As I noted in my last entry, I finally joined up as a Citizen Member with CG Cookie. Currently, my main interest is in Blender Cookie, but I look forward to a side-helping of Concept Cookie at some point in the next 3 months.
I decided a 3 month membership was the way to go. Even though I don’t currently have a large budget for this kind of thing, one month seemed a bit too stingy. Maybe it’s just me, but this is quality training and I didn’t want my experience to be grab-and-run. Since Blender itself is open source I’ve already gained so much for free.
Only time will tell if new additions to the site over the course of my membership also made paying upfront for a quarter worthwhile. What I do know is that there is so much already on the site for me to work through that it hardly even matters.
My Second Paid-For Blender Cookie Course: Model a Guitar
The first tutorial I did was the Cute Elephant Character creation and rendering with Josh Maule, which I wrote about here. I was so impressed with the course and with Josh’s teaching style that I went straight on to his Modeling an Electric Guitar in Blender course.
This one too is in the beginner’s section but be warned, it’s a 4 part one (almost 4 hours in total) and that’s before you even get to rendering! That’s a whole lot of ground to cover.
I worked through it over the last 3 days, as 4 hours of viewing means a whole lot longer in terms of time spent doing. There are parts too where Josh speeds things up or skips on when doing something repetitive that we’re already been taught.
What I Learned
As you can imagine, you learn a lot in 4 hours! For me, the things that were new-ish to me and I found most helpful were:
- Learning how to model around a hole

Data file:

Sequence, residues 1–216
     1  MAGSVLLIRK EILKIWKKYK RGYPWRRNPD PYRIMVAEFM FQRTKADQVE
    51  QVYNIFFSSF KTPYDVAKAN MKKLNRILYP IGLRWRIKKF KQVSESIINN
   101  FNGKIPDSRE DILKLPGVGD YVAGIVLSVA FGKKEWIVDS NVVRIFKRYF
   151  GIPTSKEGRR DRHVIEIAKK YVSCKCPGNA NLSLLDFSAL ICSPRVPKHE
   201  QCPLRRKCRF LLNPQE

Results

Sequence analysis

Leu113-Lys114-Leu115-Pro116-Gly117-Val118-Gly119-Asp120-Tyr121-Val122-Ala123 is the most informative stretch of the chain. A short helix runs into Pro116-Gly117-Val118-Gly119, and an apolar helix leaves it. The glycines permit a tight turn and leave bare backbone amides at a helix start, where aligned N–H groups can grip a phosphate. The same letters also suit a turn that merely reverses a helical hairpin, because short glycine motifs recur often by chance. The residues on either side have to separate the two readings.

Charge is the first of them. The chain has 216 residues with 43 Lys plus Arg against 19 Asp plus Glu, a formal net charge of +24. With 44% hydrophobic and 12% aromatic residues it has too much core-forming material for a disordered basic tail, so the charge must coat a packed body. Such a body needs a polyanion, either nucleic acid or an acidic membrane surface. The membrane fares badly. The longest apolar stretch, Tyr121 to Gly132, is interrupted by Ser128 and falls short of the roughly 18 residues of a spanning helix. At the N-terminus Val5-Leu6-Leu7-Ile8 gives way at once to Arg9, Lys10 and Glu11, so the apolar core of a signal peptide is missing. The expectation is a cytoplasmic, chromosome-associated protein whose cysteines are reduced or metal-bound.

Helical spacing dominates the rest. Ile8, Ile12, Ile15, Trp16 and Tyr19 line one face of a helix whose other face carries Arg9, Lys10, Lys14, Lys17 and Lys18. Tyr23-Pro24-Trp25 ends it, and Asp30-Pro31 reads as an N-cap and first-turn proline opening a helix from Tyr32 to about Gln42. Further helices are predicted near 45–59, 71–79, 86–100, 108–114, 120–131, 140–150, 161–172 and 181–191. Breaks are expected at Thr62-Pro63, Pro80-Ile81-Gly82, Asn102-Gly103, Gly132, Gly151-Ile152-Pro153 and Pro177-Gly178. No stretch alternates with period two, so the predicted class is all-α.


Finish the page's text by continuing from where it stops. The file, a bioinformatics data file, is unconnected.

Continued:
- How to keep good topology flow on a complex shape
- A smoothing trick to neaten up edges on the finished topology
- Working on top of a background reference
- Using the bevel tool
- How to make convincing 3d screws, nuts and switches
- Creating a guitar string from a bezier curve
- Optimal UV unwrapping to a single map layer
- Texturing on layers that can be merged down to a single texture file
- And quite a lot about the anatomy of the guitar!
This is by no means everything, but even if you know all of the above it’s an interesting project to work on. Who knows, you might find a more efficient way of doing something you already do?
As with the other tutorial, Josh is a clear instructor who went at the right pace for me. On one hand I think it’s quite a challenging one for a beginner due to the length and all the different things you’ll work on. But on the other, you take it a step at a time, and only need to focus on the task you’re working on right now. I wouldn’t recommend it for an absolute beginner, but if you are comfortable with the Blender UI and able to figure out what’s happening when you end up with different results than those on screen, then you should be fine with this one.
I appreciated that Josh made the extra effort and took us through texturing in GIMP. Personally, I’m a fan of GIMP and don’t even own Photoshop right now, so I’d have had to adapt any Photoshop segment by myself. Josh saved me that trouble as well as demonstrating some good ways to go about texturing this kind of model.
The final video you’ll need to create a professional looking render is one by Kent Trammell. It lasts almost an hour. I’ll admit it, I found this one tough going and only did as much as I needed to get some kind of finished render. Josh’s novice-friendly style has clearly spoiled me (I hope he publishes some more videos soon). I wasn’t ready to drag shader nodes around or get the perfect reflected light shape on a surface. Not just yet. I’ll stick with the hand-holding of the paid-for beginner courses for a while longer.
Clearly the end render is less than ideal and probably looks plain weird to anyone who owns a guitar. (I also apologise if you’d never rest it on a tuning key like this.) That said, I’m happy with the pre-textured model and found Josh’s GIMP stuff useful too. And I dare say I even picked up a thing or two from the difficult final video.